Oil prices continue to creep up on US market
Oil prices continued to creep up here Wednesday, boosted by repeated calls from oil producers for a cut back in output.
The price of a barrel of light sweet crude for February delivery moved up 79 cents to $28.
On Tuesday, the price rose 41 cents to end the day at $27.21.
In London, Benchmark Brent North Sea crude for February delivery was being traded at $24.52 a barrel by late afternoon, up from $24.30 at the close on Tuesday.
"The market is absorbing news that OPEC is certainly likely to cut production at their January 17 meeting," said Robert Laughlin, a market watcher with the GNI brokerage.
"It's a matter of how much," he added. "The Saudis and the Kuwaitis have called for cuts of approximately a million to 1.5 million barrels a day. That is why the market is higher than it was late last week."
Kuwait said Wednesday that the Organization of Petroleum Exporting Countries was likely to cut production by two million barrels a day in a bid to prop up prices.
"The overall cuts in crude production within OPEC and outside the organisation will probably amount to two million barrels" a day, Kuwaiti Oil Minister Saud Nasser al-Sabah was quoted in local newspapers as saying.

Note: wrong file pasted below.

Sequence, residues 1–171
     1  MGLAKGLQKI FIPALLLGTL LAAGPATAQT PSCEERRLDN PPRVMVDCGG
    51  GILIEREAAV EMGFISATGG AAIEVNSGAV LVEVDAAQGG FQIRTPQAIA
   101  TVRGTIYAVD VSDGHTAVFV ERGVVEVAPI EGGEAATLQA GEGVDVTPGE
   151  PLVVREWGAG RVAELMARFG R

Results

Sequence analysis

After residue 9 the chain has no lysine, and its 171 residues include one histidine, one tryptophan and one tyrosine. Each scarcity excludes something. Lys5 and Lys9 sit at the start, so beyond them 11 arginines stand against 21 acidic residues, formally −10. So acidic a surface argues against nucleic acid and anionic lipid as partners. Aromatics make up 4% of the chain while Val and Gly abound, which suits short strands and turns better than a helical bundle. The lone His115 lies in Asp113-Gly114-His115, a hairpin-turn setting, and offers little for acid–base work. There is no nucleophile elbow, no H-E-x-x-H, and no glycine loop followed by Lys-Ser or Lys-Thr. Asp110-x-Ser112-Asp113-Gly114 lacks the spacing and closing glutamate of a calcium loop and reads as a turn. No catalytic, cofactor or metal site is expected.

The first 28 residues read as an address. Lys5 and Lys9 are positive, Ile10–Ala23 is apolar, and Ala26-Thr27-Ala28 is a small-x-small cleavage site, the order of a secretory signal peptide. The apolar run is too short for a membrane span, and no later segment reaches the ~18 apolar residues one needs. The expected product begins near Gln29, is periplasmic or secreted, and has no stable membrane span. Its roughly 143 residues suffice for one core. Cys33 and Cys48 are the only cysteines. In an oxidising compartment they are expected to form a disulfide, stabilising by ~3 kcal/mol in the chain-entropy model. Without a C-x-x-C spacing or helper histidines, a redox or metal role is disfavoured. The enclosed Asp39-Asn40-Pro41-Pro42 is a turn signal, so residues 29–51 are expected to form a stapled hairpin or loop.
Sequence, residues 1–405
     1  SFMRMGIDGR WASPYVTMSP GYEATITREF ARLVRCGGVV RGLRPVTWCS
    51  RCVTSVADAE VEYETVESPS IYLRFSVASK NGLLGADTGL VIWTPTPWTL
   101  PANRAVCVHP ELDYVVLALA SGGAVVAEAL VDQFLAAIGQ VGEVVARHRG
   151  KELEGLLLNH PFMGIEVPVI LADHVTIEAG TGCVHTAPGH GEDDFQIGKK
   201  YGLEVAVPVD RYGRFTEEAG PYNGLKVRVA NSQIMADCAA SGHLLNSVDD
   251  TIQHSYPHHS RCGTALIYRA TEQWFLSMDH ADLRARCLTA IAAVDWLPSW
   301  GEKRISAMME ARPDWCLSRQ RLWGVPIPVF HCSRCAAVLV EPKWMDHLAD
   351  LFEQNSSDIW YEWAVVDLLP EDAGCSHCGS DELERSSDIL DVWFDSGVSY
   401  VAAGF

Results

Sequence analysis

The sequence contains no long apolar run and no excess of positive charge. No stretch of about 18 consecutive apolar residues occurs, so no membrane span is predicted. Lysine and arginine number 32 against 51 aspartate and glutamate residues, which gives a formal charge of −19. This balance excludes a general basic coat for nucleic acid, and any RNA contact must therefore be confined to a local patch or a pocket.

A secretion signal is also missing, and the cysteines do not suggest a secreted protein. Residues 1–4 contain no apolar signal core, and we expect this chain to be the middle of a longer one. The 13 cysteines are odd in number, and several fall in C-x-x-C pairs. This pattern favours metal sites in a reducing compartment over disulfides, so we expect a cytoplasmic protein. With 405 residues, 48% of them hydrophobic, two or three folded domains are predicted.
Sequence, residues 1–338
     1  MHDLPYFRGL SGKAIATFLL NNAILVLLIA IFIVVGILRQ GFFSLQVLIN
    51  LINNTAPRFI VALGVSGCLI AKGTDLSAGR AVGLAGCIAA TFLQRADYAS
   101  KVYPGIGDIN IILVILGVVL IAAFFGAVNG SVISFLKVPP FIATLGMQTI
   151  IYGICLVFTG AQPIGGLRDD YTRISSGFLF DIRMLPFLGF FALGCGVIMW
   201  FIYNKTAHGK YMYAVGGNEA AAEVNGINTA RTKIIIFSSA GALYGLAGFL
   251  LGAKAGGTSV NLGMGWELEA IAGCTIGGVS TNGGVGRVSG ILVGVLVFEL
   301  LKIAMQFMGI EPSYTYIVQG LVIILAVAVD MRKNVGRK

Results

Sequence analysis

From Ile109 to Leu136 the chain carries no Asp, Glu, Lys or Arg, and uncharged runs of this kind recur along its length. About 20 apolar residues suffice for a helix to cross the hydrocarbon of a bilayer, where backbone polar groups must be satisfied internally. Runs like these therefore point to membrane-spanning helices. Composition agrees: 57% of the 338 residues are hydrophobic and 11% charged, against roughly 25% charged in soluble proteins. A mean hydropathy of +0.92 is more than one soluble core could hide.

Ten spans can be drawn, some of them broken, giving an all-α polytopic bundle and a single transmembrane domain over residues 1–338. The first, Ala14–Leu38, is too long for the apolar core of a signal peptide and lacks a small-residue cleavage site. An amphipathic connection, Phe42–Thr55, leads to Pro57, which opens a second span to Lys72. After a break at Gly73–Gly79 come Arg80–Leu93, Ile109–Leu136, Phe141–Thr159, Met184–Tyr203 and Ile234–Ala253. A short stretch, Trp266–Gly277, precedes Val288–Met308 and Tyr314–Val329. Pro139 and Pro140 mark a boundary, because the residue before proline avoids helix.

On Tuesday, OPEC said that its benchmark price used to help set output quotas had remained below its target band of $22-28 for over a week.
Under the agreement, the organisation pledged to increase production by 500,000 barrels a day if its benchmark price stayed above $28 for 20 working days, or cut output by the same amount if the price stayed below $22 for more than 10 working days.
Had the price rested below $22 until January 8, it would have been outside of the band for 10 working days. But OPEC announced on Wednesday that the benchmark price had risen back above $22.
Analysts said they did not therefore expect the mechanism to trigger an output cut ahead of the Vienna ministerial meeting. But they added that it seemed increasingly likely that OPEC would decide to tighten its taps at the meeting.—AFP.
©--Agence France Presse.
© 2001 Mena Report (www.menareport.com)